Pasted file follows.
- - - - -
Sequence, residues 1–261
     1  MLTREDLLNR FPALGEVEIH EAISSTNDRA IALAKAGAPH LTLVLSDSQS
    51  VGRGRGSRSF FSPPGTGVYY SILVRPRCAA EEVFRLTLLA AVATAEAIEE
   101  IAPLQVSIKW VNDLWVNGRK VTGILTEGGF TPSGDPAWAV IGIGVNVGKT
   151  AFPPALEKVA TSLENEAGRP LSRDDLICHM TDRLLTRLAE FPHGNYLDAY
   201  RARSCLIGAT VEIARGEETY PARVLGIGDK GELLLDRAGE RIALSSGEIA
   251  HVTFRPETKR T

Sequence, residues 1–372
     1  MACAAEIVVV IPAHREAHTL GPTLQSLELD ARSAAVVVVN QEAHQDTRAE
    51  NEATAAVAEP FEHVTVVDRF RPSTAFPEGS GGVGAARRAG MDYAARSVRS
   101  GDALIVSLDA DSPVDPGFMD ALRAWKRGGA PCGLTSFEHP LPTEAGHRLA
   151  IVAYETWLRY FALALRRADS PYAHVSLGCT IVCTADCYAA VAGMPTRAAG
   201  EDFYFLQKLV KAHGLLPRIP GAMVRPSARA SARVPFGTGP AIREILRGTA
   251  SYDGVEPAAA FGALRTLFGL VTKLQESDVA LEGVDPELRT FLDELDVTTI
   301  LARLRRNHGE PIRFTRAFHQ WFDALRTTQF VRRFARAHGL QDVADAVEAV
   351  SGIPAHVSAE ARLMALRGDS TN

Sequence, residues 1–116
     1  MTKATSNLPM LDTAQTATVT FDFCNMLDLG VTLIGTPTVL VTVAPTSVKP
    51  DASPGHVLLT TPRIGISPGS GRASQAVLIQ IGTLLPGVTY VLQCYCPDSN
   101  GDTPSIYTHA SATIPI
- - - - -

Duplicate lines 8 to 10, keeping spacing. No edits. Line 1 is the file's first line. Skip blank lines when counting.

Sequence, residues 1–372
     1  MACAAEIVVV IPAHREAHTL GPTLQSLELD ARSAAVVVVN QEAHQDTRAE
    51  NEATAAVAEP FEHVTVVDRF RPSTAFPEGS GGVGAARRAG MDYAARSVRS